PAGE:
Who needs DBA Skills? [#TSQL2sDay]

T-SQL Tuesday for November 2010

T-SQL Tuesday for November 2010

Databases are doing just fine. If an issue is encountered add more hardware to the mix. If that does not work then add more servers and move databases to it. No DBAs on site, just developers and a business owner that wants to save money.

What? With that first paragraph I can pinpoint at least 3 main reasons why DBA skills are required:

  1. Adding more hardware is just a tactical approach, never strategical as the new one will encounter the same issue the old one did in a matter of months.
  2. Adding more servers can be complex as databases will reside on different boxes. Messing around with linked servers and executing joins across boxes are not the best approach.
  3. Licensing costs go through the roof! Yes. I have dealt with a solution where the Lead Developer decided to add 8 Servers running SQL Server 2005 Enterprise Edition each. The tab was running over $300K just in licensing costs.

Ok, so what else will a good DBA perform to add value to any company? These come to mind:

  1. To plan a long term solution properly. Architect a database structure in order to be flexible to extensions, following 3rd and 4th normalization forms, with proper relationships, keys and indexes.
  2. To understand the business requirements and design a database layout that will approach them. Which tables will be transactional? Which ones will be historical? Which ones will receive bulk insert operations?
  3. To implement proper security.
  4. If data will grow too large, to prepare the underlying tables to support sliding windows to swap out old data.
  5. To make the business owners aware that a separate entity would be beneficial if reporting is crucial. Nothing better than replicating data to another instance and allowing it be queried all day long.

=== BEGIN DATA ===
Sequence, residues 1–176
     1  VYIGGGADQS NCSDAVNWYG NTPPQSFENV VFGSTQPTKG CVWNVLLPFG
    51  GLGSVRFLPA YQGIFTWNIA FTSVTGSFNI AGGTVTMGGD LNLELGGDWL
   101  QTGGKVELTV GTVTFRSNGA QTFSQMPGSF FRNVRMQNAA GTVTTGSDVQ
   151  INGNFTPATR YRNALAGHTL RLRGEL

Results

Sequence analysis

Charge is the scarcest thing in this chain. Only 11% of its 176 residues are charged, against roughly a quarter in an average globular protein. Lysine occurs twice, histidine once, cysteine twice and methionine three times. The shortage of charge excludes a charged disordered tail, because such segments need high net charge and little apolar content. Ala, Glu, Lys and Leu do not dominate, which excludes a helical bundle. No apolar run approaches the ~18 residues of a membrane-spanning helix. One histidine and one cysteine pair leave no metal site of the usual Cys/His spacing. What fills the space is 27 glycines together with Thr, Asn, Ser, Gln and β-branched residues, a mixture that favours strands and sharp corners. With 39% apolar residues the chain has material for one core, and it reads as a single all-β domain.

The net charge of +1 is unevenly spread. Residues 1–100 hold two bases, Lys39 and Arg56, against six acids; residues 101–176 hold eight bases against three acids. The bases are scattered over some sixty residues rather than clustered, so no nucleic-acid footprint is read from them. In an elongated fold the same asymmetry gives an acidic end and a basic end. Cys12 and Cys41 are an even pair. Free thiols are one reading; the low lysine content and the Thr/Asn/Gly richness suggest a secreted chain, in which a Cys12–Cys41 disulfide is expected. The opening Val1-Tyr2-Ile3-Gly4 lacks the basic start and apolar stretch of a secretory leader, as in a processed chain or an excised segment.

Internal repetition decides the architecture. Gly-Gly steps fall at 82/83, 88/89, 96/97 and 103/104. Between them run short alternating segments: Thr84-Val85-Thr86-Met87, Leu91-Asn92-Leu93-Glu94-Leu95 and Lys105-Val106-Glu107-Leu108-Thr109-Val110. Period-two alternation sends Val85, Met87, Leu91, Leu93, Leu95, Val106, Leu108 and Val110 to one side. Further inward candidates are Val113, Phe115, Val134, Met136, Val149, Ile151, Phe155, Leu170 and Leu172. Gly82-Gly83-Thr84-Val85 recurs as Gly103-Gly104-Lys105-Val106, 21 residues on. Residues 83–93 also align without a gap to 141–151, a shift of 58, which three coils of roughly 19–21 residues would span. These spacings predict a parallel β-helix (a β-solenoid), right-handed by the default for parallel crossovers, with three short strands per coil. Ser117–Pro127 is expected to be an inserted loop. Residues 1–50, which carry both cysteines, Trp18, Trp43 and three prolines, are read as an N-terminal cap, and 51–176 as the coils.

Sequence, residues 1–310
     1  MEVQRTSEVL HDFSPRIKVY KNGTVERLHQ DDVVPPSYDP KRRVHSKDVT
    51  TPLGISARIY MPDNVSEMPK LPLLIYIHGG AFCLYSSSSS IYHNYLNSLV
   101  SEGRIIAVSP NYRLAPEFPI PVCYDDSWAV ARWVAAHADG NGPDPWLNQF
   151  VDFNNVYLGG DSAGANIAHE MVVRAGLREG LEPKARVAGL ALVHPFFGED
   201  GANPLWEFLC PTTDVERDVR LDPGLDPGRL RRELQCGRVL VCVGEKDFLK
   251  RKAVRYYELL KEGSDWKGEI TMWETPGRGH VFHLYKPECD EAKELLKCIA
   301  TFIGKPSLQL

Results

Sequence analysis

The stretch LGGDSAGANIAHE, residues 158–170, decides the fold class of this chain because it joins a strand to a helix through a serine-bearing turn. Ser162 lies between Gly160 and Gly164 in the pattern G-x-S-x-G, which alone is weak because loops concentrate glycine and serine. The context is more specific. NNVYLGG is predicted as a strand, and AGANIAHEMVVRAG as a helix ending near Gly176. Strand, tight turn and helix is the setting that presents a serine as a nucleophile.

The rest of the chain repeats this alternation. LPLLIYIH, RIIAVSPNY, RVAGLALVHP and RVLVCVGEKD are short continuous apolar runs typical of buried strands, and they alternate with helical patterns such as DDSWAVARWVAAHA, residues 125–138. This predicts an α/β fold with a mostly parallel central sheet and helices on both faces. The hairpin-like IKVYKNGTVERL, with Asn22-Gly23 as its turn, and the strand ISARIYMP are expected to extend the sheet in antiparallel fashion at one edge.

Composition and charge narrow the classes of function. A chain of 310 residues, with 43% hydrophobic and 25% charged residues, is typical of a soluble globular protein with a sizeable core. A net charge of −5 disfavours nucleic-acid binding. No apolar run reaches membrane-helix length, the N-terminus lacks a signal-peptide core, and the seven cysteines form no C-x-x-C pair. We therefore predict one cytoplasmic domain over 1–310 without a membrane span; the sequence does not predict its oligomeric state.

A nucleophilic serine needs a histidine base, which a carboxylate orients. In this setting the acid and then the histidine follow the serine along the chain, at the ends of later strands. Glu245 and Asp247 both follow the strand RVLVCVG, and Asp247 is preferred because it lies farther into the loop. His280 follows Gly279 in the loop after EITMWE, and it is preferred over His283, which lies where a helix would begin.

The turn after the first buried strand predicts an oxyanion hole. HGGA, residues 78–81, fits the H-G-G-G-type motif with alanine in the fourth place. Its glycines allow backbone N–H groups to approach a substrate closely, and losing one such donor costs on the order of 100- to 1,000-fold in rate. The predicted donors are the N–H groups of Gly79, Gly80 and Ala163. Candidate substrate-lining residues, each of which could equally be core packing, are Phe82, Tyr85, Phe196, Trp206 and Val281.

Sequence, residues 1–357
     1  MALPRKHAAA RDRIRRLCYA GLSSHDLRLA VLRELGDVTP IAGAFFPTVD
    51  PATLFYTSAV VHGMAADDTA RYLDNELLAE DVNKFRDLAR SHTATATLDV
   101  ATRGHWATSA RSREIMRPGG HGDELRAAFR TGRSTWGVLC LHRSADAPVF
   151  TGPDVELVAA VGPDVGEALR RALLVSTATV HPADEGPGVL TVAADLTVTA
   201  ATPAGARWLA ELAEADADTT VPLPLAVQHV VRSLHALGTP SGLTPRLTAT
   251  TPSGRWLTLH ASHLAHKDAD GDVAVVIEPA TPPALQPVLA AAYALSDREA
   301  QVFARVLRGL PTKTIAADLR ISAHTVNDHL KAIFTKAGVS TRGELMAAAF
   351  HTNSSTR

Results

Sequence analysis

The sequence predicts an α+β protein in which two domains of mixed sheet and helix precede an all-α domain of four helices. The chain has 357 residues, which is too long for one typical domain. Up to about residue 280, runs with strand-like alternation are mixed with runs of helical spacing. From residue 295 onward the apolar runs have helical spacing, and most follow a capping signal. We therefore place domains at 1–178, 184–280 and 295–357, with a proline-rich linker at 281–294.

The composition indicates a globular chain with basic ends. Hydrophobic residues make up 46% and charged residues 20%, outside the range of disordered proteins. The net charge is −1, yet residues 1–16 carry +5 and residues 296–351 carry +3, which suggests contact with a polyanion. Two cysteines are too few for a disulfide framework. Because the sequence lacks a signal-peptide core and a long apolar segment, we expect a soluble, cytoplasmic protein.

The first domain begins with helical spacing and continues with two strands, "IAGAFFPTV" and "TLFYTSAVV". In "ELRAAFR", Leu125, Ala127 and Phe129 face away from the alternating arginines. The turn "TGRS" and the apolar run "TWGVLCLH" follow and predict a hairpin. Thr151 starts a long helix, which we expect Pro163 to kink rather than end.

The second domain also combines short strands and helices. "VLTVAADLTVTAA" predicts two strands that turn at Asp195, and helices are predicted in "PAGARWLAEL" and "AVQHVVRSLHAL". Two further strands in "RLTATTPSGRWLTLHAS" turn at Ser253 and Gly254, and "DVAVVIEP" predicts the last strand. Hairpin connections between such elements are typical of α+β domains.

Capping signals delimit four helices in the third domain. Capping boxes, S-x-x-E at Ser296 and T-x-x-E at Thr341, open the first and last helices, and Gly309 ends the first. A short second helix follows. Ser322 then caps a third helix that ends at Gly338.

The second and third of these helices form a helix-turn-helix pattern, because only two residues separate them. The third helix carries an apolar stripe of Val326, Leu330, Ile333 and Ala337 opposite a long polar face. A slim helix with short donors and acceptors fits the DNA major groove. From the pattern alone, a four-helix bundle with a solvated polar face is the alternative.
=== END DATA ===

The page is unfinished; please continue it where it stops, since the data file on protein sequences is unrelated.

6. To make developers understand that business logic shall not run in the database tier. Data validation, cleansing, and any process that will require scalar UDFs are bad. If there is no way to add an app tier, then CLRs can help, but these kind of solutions need to have proper justifications.
  7. To see if filtered and/or include indexes can benefit a solution.
  8. To justify if data compression can be a good trade off with CPU cycles.
  9. To suggest when mirroring, log shipping, replication and/or clustering will benefit.
  10. To understand if I/O will require additional spindles and how to prove it.
  11. To understand if an edition downgrade, release upgrade, virtualization or X64 implementation will add value to any solution.
  12. To have an up to date checklist for production database implementations
  13. To follow a good process: Unit Test, QA, UAT, Production
  14. To learn from the best and to share his knowledge with their team.

DBA skills are not just a nice-to-have. They are a requirement. Do it right the first time and avoid the hassle of fixing in the future.

Once I was approached by a developer and he literally told me:

Every night you should have a job that truncates the logs. Also, you need to shrink the databases to make them faster.

I am not making that up! It is a true story. Imagine if that developer was taking care of the databases. I believe that most developers have no business in the DB world.